Rabies vaccine suspension for injection
- Drugs List
- Therapeutic Indications
- Precautions and Warnings
- Pregnancy and Lactation
- Side Effects
Single dose vial of lyophilised vaccine and single dose syringe of diluent containing freeze-dried rabies virus
Rabies - prophylaxis
Rabies - prophylaxis after exposure
Prophylactic immunisation against rabies.
Treatment of patients following suspected rabies contact.
For comprehensive information or advice on this product or the immunisation programme in the UK, the following website should be accessed.
In previously unvaccinated persons, the manufacturer recommends an initial course consisting of three doses (each of 1 ml) administered on days 0, 7 and 28 (the Green Book advises that the third dose may be given on day 21 instead of day 28 if there is insufficient time before travel - unlicensed schedule).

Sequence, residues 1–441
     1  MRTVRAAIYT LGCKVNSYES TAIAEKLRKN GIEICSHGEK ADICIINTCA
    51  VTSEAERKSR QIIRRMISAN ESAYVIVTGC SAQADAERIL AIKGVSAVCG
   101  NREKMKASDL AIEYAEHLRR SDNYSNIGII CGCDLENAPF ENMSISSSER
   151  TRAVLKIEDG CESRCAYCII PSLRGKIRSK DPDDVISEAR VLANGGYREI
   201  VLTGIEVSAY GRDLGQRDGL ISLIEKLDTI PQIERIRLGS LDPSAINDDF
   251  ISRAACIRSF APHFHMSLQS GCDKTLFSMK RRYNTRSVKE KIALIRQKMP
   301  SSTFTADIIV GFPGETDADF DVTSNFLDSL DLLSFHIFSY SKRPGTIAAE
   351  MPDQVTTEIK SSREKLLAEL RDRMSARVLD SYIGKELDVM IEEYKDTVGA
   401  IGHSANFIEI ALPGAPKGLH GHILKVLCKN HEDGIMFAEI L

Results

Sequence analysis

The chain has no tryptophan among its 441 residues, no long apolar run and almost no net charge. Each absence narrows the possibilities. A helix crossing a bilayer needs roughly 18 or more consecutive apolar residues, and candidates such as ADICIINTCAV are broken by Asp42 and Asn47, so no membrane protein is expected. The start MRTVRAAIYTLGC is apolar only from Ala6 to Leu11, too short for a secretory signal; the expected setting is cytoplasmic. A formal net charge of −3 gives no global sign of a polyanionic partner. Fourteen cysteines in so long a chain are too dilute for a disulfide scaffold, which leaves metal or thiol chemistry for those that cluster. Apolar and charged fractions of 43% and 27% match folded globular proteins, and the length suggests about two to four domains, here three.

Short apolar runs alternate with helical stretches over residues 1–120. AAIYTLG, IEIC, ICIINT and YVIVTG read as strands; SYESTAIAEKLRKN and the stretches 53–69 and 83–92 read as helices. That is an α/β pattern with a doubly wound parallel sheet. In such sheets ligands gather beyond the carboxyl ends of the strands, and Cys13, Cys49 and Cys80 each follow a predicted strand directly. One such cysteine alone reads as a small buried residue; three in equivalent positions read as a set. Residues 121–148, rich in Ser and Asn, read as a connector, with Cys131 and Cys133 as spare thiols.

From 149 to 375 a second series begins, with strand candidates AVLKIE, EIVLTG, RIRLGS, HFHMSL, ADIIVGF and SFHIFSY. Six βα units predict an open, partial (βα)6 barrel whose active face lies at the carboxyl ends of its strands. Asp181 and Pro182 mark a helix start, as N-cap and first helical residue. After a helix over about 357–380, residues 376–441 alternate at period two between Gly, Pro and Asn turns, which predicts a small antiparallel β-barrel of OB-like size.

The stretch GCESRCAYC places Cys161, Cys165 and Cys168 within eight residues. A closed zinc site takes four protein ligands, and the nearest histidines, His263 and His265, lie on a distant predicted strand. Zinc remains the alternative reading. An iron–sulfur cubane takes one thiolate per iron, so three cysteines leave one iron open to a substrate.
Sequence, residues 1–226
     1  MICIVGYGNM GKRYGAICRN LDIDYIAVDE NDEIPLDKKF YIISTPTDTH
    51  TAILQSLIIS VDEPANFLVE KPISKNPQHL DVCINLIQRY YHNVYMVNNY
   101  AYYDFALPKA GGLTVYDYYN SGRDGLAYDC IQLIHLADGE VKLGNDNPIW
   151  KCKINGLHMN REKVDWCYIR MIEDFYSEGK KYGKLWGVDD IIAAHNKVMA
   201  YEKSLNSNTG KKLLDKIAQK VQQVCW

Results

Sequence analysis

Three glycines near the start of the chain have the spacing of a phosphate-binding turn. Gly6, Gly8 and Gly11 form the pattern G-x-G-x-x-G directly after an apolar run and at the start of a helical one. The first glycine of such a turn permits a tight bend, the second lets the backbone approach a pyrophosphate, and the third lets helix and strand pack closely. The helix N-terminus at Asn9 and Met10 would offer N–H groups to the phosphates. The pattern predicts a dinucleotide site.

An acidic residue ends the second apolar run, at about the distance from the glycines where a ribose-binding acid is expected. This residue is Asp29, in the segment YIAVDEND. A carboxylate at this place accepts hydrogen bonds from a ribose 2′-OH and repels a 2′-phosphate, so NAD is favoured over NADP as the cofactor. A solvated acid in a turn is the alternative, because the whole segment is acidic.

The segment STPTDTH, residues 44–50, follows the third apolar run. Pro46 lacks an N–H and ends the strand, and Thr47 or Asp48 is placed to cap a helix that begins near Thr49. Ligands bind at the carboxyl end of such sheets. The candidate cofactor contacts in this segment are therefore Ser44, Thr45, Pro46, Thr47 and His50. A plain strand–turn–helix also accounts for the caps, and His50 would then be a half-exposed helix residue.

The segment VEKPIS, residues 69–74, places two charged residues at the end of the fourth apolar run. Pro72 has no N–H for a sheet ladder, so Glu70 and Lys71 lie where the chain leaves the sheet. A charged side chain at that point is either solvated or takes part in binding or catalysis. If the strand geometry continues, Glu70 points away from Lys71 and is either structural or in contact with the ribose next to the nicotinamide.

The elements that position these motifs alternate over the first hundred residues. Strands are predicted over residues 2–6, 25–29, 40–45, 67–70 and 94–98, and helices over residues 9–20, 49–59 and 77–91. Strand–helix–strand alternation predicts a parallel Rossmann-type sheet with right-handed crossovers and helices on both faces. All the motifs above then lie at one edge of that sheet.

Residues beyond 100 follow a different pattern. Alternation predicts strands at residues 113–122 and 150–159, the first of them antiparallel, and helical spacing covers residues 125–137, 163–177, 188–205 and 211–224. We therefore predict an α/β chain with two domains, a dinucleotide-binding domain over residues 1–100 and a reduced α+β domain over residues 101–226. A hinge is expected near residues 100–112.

All those at regular and continuing risk should receive a single reinforcing dose one year after the primary course was completed. Further doses should be at 3 to 5 yearly intervals thereafter. In subjects constantly at risk from rabies, it is recommended that 3 to 6 monthly monitoring of serum rabies antibody concentration is carried out. If the titre is below 0.5 iu/millilitre another single dose (1 ml) should be given as a reinforcing dose.
For those at intermediate risk or travelling again to an affected area without access to medical care, a reinforcing dose should be given from 10 years after completion of the primary course.
Post-exposure prophylaxis against rabies depends on the level of risk in the country, the nature of exposure, and the individual's immunity. Follow local guidelines on when vaccination is needed. Begin vaccination as soon as possible following wound care and first aid treatment.